Recently Moira sent me something that she knew would intrigue me. It is a picture of a piece of pottery that was broken and then repaired with gold or silver laquer. It is an art called Kintsukuroi . When a piece of pottery is broken, what is our first impulse? To throw it out of course! To us it’s a useless piece of hard clay now, no longer good for its intended use. But this art is about taking something broken and making it repairing it ‘understanding that is more beautiful for being broken’.
Have you heard the story about the little boy who shared his lunch with a homeless man? The little boy had found the older man in a park and was so enthralled with this man’s beautiful smile that the boy apparently had no fear of him, sat next to him for an extended period of time and shared his bologna sandwich and cookies. Later, when his mother had asked the little boy what he had done that day, the little boy answered, “Today, I shared my lunch with Jesus!”
Now, this is NOT a real story….I don’t think….but yet there is something so interesting in it that I’ve taken it a bit to heart. It has made me think about the face of homelessness from Jesus’ perspective. You know, when you think of it, Jesus was homeless through much of his life. Oh sure, he sounds as if he had a home growing up but once he went into ministry, he was effectively homeless. Nowhere in scripture does it say that after a busy day of healing the sick and lame and preaching the good news to the masses, Jesus went HOME and spent a lovely evening in front of the fireplace, with his newspaper and hot tea. Nope, not our Savior. He “couched surfed”, much like the guys we serve here at OIM. He spent time in the homes of people who could put him up for a night, or two. Or, he laid his precious head down where he could….under a large tree maybe? Or in a garden perhaps? Maybe next to a city wall or other structure somewhere?
It makes me wonder a little…..what if Jesus came today? Where would he sleep? Shoved uncomfortably into a store doorway maybe? A dark, smelly, dangerous alley perhaps? Or, maybe a dirty recycling bin typically made for cardboard? Would a little boy share his lunch with HIM? Would you? Would I? Kind of makes you think a little, doesn’t it? It should…..
Volunteering with OIM has introduced me to many new experiences, some sad, but most of them great! One defies categorization, however. That is, the desire to NOT see a dear friend. I mean, this is something that lots of people experience fairly regularly, if you’re having a fight with a spouse, or feeling guilty about what you said to a friend, you may try to avoid them, or hope not to see them for a few days, or something.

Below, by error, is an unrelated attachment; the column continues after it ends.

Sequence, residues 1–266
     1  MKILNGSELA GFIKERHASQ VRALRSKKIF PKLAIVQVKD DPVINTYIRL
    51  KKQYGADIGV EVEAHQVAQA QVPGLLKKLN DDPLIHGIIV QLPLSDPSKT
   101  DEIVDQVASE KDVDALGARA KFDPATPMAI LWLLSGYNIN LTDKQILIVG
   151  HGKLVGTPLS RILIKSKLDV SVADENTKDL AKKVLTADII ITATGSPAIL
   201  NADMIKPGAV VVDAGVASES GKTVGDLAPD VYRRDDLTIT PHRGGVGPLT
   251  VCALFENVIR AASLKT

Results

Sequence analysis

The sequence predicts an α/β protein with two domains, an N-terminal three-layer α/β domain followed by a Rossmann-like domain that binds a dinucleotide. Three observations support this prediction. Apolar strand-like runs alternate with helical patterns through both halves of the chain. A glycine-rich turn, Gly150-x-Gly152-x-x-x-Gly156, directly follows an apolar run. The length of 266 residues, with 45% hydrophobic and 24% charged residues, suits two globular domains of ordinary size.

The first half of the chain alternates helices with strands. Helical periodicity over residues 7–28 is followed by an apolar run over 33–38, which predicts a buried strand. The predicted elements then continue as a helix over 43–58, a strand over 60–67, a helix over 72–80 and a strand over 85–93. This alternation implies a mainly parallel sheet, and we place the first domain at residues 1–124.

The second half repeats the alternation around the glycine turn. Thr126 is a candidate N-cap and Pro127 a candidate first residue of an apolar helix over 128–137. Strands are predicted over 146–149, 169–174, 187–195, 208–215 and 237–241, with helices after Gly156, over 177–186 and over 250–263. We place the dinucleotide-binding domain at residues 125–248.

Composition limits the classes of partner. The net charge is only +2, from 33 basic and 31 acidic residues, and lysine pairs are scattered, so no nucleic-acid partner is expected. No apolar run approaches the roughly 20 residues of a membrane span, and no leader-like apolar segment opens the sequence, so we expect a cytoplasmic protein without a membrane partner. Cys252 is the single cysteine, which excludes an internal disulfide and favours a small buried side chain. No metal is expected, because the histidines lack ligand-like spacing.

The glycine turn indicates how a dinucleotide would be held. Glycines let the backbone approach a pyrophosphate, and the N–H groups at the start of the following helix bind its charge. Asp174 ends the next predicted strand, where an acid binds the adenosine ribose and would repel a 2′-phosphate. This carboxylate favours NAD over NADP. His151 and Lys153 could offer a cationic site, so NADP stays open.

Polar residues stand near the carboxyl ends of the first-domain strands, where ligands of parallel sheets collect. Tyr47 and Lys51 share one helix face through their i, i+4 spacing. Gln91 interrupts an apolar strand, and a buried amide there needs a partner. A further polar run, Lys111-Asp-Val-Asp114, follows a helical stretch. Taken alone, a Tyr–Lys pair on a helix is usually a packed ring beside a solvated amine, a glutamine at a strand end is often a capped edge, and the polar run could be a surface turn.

But say everything is going really well in a relationship – usually you want to see that person! And look forward to it! But some days, especially REALLY COLD days (of which we’ve been having a fair number recently) I find myself thinking: “Oh, I hope I don’t see Bob tonight.” Not because I don’t like Bob, but precisely because I do! But I want Bob to be someplace warm and safe, not out on the street. Sometimes, as an Outreach team, we find ourselves praying together before going out: “Dear Lord, I hope we don’t see any of our street friends tonight. I hope our sandwiches go completely wasted. I hope we’re the only ones with cold toes tonight. Amen.”
This is a small thing, but one more example of how poverty twists relationships: we shouldn’t be in situations where we find ourselves praying that we DON’T get the chance to spend time with someone we love.
…for some of our street friends at least: from December 20 or 23 to the end of January. It’s the longest time of the year to make your BIG $531 welfare cheque last – PLUS whatever you might spend at Christmas. Right at this time of the year and this day of the month it is most difficult. You could almost taste the stress and anxiety at the drop in today. Tempers flared several times, and one of our guests refused to leave when asked.
I hate when that happens. There is so much ‘stuff’ happening in our friends’ lives that they certainly do not need any additional woes: they are cold, wearing soaking wet running shoes, inadequate clothing for the weather, they have no one to talk to really, and no one to care for them. They have no-where to go. They really are just trying to manage themselves to get through another day. No money. Some have on-going health issues. No home, for many.
Then there is a flair up with someone across the table – an altercation – with someone who is also experiencing all of those same troubles and with a short temper, and both parties get to take the ‘day off’. ‘Day off’ means you can’t stay here today: I have to send you out into the cold, the wet, the loneliness and the cold concrete jungle of the city. What? Won’t go? Well if not, we have no choice but to call the police to escort you out – just for today sure, but that doesn’t mean much when ‘today’ is all you really have.
I know it has to be done – keeping peace within the drop in, showing respect for others, respect for what we’re doing, and on and on and on … I know.
It still sucks.
The aroma of turkey and all the traditional trimmings wafted from the kitchen at drop-in this week. Nothing says ‘come, sit and enjoy’ like a great turkey dinner! The temperature outside dipped to the lowest it has in 10 years, but inside the windows were steamed up and hearts were warm as we hosted our annual Christmas Dinner. Close to 200 plates of hot savory goodness were served by 40 volunteers to our guests. Each one served with a bonus smile. Thanks to everyone who provided the food items and the hands that served it.
Our special dinners are always a favourite for those who attend. It’s an opportunity for our guests to enjoy a holiday meal and it’s a chance for those who don’t normally volunteer with us to come out and see what it’s all about. You don’t need to be a regular volunteer to join us these days. Easter’s coming…are you in?
Molly’s worker called the office late yesterday afternoon. Molly is one of our many individuals living in Ottawa that struggle to survive off a meager disability cheque as she is in no position to work due to her mental health issues. Once her rent and utilities are paid, she makes do with less than $200 for the month….for clothing, food, transportation, entertainment, everything!! Imagine…not even $200 in your pocket to live off of for the next 30 days!